Despite the substantial improvement in Nevada’s teen pregnancy and birth rates, a lot more work remains to be done. Nevada still lags behind much of the country, and teen pregnancy and birth rates remain comparatively very high. A new generation of teenagers appears on the scene every year, and neither the nation nor the state of Nevada can rest on its laudable progress. Exquisitely sensitive to various social factors, the tide of teen pregnancy can surge upward again if we do not remain vigilant and proactive.
Teen Contraceptive Use
Teens who have sex at an early age are less likely than older teens to use contraception the first time they have sex. This is clearly a cause for concern, and this young age group needs to be targeted in sex education efforts, early though it may seem to some adults.
- In 2002, some 25% of teen females and 18% of teen males used no method of contraception at first intercourse.
- Of those who had first intercourse before the age of 14, 35% of girls and 24% of boys report that they did not use any contraception the first time they had sex.
The 2003 YRBS data on 29 states presents important national and Nevada-specific statistics on contraceptive use during the last episode of sexual intercourse among high school students.
- 53% of Nevada girls reported their partner having used a condom, which ranked Nevada 3rd lowest among the states in relation to condom use.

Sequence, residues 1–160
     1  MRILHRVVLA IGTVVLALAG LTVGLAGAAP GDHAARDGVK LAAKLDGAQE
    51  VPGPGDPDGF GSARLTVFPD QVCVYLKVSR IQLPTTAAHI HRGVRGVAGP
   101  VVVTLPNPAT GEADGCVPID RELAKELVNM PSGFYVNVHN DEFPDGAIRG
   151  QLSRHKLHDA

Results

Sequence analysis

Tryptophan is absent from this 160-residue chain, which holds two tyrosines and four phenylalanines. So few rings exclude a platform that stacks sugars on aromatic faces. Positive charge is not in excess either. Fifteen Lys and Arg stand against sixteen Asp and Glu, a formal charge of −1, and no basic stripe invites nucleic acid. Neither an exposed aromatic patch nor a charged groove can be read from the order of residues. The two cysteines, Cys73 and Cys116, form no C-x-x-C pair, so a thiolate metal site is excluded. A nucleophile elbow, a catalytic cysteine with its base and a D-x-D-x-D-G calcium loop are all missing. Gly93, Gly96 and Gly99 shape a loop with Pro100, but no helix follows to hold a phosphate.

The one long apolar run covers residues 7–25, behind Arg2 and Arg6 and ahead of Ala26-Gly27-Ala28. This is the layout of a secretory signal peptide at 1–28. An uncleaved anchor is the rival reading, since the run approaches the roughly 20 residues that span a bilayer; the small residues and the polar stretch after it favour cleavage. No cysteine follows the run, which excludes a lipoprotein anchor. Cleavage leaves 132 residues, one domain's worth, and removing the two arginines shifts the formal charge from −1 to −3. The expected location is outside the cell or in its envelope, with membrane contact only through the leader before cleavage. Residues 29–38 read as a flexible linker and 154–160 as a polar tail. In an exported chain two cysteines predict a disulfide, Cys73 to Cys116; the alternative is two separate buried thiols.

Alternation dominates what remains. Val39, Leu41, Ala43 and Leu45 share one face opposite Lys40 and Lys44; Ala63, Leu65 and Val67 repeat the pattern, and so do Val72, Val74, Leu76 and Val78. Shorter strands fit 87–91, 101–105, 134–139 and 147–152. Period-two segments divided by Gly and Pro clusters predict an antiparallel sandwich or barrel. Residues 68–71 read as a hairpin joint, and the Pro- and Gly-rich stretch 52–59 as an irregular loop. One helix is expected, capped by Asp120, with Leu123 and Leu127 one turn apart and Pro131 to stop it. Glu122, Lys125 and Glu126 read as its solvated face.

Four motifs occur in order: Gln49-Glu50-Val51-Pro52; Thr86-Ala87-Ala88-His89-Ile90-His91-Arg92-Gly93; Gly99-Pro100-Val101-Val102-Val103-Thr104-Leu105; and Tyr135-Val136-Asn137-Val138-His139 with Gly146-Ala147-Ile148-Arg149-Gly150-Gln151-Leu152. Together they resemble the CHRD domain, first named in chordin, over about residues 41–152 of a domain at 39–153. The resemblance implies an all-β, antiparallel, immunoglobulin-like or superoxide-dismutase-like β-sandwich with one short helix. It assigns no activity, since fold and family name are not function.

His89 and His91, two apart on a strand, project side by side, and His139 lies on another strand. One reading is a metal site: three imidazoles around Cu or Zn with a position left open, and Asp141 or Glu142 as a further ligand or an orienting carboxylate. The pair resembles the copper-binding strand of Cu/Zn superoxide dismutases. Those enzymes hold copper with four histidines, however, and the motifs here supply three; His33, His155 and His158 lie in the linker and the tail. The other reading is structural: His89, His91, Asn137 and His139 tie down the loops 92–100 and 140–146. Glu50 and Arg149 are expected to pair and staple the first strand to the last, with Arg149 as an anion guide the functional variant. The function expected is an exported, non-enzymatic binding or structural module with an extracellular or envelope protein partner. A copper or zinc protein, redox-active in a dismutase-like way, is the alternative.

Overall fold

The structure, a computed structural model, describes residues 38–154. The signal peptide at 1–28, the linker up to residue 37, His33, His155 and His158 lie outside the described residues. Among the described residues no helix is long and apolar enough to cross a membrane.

- 24% of Nevada girls reported having been on the birth control pill – the 14th lowest ranked state on birth control pill use.
The NSFG 2002 data for the U.S. showed the following trends in birth control:
- The most popular method was the condom, with 66% of girls and 71% of boys using this method at first intercourse.
- Nearly all teens who have ever had intercourse (98%) had used at least one method of birth control.
- The most common methods in 2002 were the condom (used by 94%), and the pill (used by 61%).
- The injectable methods, primarily Depo-Provera, had been used by 21% of sexually experienced teens.
- The trend from 1995 to 2002 indicates that pill use had increased from 52% to 61%; the very effective injectable methods had increased from 10 to 21%; and 8% had used emergency contraception – the high-dose oral contraceptive taken shortly after intercourse.
Ethnic differences were also evident in contraceptive use.
- Hispanic teens reported the lowest use of the pill and condom.
- Yet both Hispanic and African American teens had higher use of injectable contraceptives than Caucasian teens (see Figure 7).